Seven reasons why the finish is so critical
The finish is an important reference point in the stroke cycle. If a crew is absolutely together here, there is a better chance they can be synchronised through all the other parts of the stroke and not lose each other at the front end.
The legs are flat and weight is low in the boat, so it is the easiest part of the stroke cycle to ensure balance and feel secure. The geometry is strong. By comparison, the front-end balance is trickier and technically more challenging.
Everything is in view: your blade, feet, hands, and crew. Being able to see them is a useful reference. Conversely, at the front end, your feet, spoon, seat, are out of sight and it’s more about feeling than seeing.
The finish is the only point in the full stroke cycle where, momentarily, all three masses are linked together, in the same direction – bodies, blades, and boat. The rower has completed his movements, the oar has finished its arc; both are stationary relative to the hull, so all three masses are connected, and travelling forwards together.
Our brains need this moment to register the speed we have created by the end of the drive. It is how we subconsciously sense the correct timing for the hands/body and slide for the recovery. We want to be ‘with the hull’ – not sluggish and getting left behind, nor chasing and getting ahead, but in balance with it.
So whichever finish style you follow, there needs to be some time here, not a rush. It is a moment of respite, a signal for muscles to stop working and relax.
6. Oar pressure
Remember also that, during the drive, the oar is under load and the shaft is flexed – particularly the outboard section. Even when the rower finishes his stroke, the oar has not quite. When the handle reaches the body the outboard part of the oar still has energy and needs a few milliseconds for the spoon to release before the handle can move away. Many people move the handle before the spoon has properly finished (and then kick up water or upset the boat).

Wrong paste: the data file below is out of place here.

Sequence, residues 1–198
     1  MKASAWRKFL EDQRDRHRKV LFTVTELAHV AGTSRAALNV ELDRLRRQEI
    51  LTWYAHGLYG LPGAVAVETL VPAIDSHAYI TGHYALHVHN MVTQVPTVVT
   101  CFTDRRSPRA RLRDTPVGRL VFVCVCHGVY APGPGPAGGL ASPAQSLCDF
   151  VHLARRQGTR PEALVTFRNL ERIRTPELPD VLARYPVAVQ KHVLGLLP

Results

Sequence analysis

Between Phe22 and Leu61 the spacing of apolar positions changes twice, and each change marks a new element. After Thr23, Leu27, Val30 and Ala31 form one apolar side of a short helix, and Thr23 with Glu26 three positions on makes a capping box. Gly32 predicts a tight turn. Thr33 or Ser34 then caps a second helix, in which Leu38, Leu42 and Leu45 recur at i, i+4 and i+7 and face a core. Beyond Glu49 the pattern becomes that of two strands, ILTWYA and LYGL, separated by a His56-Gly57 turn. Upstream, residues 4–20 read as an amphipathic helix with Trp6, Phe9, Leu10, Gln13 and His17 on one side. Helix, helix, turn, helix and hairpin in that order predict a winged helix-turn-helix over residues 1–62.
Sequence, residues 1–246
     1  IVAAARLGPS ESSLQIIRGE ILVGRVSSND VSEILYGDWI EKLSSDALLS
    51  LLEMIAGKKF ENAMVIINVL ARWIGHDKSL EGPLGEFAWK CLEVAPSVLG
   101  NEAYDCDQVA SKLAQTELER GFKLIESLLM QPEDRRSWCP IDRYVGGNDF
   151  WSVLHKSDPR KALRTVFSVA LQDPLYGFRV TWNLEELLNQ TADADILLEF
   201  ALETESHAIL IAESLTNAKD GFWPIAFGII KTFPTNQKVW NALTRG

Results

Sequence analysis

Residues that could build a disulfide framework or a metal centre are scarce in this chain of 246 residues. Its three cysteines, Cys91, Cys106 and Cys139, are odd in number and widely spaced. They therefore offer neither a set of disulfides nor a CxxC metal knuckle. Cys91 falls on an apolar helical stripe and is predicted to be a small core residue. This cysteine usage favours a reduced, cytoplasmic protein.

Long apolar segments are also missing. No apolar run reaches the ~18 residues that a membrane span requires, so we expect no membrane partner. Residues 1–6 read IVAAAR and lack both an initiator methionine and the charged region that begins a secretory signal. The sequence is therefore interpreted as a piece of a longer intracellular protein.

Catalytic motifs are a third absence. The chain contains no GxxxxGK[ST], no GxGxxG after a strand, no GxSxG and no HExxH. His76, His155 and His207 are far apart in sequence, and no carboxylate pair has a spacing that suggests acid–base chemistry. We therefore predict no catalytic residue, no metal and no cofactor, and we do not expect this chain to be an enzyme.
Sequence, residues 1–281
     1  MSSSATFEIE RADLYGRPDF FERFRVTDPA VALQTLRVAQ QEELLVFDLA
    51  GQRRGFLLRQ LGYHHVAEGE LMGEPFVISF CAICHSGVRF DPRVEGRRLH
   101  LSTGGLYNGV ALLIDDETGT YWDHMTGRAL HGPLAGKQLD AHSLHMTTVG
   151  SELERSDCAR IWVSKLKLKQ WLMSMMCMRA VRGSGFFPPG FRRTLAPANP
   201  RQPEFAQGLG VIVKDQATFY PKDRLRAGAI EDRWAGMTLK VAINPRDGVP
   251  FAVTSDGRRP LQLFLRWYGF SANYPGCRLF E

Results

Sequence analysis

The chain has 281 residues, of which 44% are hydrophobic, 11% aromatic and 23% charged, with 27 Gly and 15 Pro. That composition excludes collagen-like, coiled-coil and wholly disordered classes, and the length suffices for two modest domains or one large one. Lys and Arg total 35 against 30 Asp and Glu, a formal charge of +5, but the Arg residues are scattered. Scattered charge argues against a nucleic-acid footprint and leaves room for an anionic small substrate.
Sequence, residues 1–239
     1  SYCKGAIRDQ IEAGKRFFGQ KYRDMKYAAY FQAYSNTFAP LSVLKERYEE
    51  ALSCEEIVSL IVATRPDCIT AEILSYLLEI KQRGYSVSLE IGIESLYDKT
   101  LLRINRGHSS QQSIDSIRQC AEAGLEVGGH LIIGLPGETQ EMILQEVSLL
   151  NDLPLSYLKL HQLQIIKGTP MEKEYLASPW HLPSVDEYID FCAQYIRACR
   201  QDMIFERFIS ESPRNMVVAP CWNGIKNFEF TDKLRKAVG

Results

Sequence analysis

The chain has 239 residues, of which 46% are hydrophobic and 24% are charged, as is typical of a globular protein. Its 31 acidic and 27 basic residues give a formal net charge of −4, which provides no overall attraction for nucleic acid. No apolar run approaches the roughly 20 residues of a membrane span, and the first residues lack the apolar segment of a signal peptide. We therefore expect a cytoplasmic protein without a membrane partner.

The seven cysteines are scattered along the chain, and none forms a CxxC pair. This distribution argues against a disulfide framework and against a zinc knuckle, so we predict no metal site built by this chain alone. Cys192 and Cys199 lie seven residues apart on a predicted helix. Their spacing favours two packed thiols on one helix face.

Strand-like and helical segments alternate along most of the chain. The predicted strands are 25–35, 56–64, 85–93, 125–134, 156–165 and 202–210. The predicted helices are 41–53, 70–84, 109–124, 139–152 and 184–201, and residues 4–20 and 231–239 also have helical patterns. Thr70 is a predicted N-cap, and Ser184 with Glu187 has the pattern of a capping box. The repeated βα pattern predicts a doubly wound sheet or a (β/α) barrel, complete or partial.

A well-pressed finish optimises the available drive on the boat, and we need to keep this priority. If we lose the finish in the interest of moving hands away, then we begin to lose hull speed.
A further potential merit of this style is the way it sets up the recovery. A free-moving slide can create a useful elastic change of direction at the front, and a dynamic leg drive. The Australian ‘Oarsome Foursome’ of the 1990s did this extremely well.
I will look at dynamics more next time, but taking the seven points from above, these can be taught and understood well using the pressed finish approach, I feel.
With the successful Heather Stanning and Helen Glover women’s pair, we did this a lot in the early stages because we needed to sort out some faults with that part of the stroke. However, once we were happy with the mechanics of that part, we had to work on their movement skills at medium to high rates which they would need for racing. So, both elements are needed. It is not an either/or debate.
Some coaches I speak to suggest that teaching juniors to ‘stop’ at the finish is not a good thing. They prioritise teaching rhythm and the holistic stroke cycle at that age. Others take the opposite view. I respect both views because it depends on the agenda the coach has set for that stage of training. As long as everyone understands what is being sought there should not be confusion, and ultimately all aspects of the finish need to be mastered.
Press, don’t pause
‘Pause’ does seem to carry negative associations for many rowers and coaches, and perhaps leads to the disagreements. It may sound pedantic but avoiding the word ‘pause’ altogether might help, and using ‘pressed’ finishes instead, or something equivalent. ‘Pressed’ implies good, diligent and full extension of legs and backs. It suggests a clean blade with completion of drive movements rather than cutting or chasing the finish. At the same time, it does not prevent fluid hand movements after the press is finished.
It is all just a debate about handle time at the finish, and whether it should be a lot, a little, or none at all. Just how much time depends on whether you want to address low-rate mechanics or higher rate fluidity, and ‘pressed’ allows athletes and coach to achieve both aims!
Some useful videos to see the range of interpretations in crews include these examples from Croatia’s Sinković brothers below, the outstanding 2018 eight from St Paul’s School as well as the Australian men’s four at the 2018 World Rowing Championships – look out for the big pause!
Photo: Drew Smith